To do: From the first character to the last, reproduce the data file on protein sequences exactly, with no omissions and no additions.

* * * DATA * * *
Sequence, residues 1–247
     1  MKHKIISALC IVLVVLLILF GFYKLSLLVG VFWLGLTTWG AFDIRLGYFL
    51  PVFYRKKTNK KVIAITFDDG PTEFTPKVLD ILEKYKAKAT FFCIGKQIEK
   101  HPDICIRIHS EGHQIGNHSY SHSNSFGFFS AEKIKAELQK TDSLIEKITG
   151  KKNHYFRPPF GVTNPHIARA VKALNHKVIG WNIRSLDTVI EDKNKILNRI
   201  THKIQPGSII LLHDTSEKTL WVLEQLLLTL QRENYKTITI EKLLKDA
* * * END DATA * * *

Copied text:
Sequence, residues 1–247
     1  MKHKIISALC IVLVVLLILF GFYKLSLLVG VFWLGLTTWG AFDIRLGYFL
    51  PVFYRKKTNK KVIAITFDDG PTEFTPKVLD ILEKYKAKAT FFCIGKQIEK
   101  HPDICIRIHS EGHQIGNHSY SHSNSFGFFS AEKIKAELQK TDSLIEKITG
   151  KKNHYFRPPF GVTNPHIARA VKALNHKVIG WNIRSLDTVI EDKNKILNRI
   201  THKIQPGSII LLHDTSEKTL WVLEQLLLTL QRENYKTITI EKLLKDA